Of course, you cannot all of a sudden bring in a new point guard and run dozens of pick-and-rolls with Valanciunas and Johnson each game if you still have Rudy Gay eating 19.4 shots per contest (most on the club and third-most in the NBA). Watching Gay on offence is like hopping into a time machine and being warped back to the NBA circa the year 2000. His refusal to work for good shots (for himself or for his teammates) is truly awe-inspiring. Worse still are his momentum-killing catches where he just stands there with the ball in his hands while the entire offensive machine comes to a halt to wait for him to make a decision. Then there is how shockingly careless he is with the ball… actually, you need a lot more than one paragraph to fully encapsulate the damage that Gay does to Toronto’s offence so let’s suffice it to say that 19.4 FGA per game set against a .467 True Shooting Percentage and 2.1 assists per game is not a workable combination for a healthy NBA offence.
To that end Ujiri has to get out from under Gay and his style of play. This isn’t even about his contract (well, it’s a little bit about his contract, but everything is when you make more than twice what your next highest paid teammate makes), this is about the Raptors designing an offense that puts the ball into the hands of their most effective players, one, and most important players for the future, two.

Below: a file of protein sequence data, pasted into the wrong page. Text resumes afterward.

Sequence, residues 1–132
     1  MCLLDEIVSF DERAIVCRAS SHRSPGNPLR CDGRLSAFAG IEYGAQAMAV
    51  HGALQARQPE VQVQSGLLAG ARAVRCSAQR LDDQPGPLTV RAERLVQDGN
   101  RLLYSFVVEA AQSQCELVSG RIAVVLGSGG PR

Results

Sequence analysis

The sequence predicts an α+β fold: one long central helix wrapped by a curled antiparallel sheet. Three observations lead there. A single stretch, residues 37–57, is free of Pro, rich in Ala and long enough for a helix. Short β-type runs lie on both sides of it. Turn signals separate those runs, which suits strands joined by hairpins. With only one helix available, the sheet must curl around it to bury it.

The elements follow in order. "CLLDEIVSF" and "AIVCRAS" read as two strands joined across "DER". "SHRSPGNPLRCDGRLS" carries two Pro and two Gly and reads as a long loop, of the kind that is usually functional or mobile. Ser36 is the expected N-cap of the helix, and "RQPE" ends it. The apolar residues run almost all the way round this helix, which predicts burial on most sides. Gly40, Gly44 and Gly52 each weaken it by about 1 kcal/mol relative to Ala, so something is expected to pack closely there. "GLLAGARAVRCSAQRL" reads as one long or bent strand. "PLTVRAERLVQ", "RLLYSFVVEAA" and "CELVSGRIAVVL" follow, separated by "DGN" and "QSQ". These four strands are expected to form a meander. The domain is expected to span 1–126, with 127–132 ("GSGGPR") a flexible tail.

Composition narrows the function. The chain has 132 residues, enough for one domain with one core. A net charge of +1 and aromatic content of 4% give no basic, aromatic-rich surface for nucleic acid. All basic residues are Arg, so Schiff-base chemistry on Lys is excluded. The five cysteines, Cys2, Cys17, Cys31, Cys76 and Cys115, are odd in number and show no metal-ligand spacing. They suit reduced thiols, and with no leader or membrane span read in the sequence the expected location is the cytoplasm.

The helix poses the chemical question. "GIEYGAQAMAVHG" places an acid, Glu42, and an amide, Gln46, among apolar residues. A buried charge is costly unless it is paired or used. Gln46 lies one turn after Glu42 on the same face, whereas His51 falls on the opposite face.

It’s not that Valanciunas has to receive all 19.4 of Gay’s shots, that would be preposterous. At this point, however, spreading those shots around to other players would almost instantaneously make the Raptors a more efficient offensive club, regardless of whom the team got to ultimately replace Gay at small forward.
Which brings us around to the question that most would people are probably asking at this point: okay, smart guy, who should the Raptors be chasing to make all these dreams come true?
I’m not going to play the trade machine game, here. I’ve got two names, don’t worry, and they are both ‘gettable’ and on realistic contracts, but I’m not going to go through the machinations of designing trade scenarios that could make them happen. Over the last few years I’ve been so consistently gobsmacked by the players that have been included in trades (even as cap ballasts or sweeteners) that I’m not going to bother guessing what they could be here because a) It just creates message board fodder and b) any real trade involves a greater depth of knowledge of a team’s future plans than anyone outside a team’s management has access to. So, for that reason I’m just going to throw out my names, justify them and then open myself up to a little Monday morning savaging.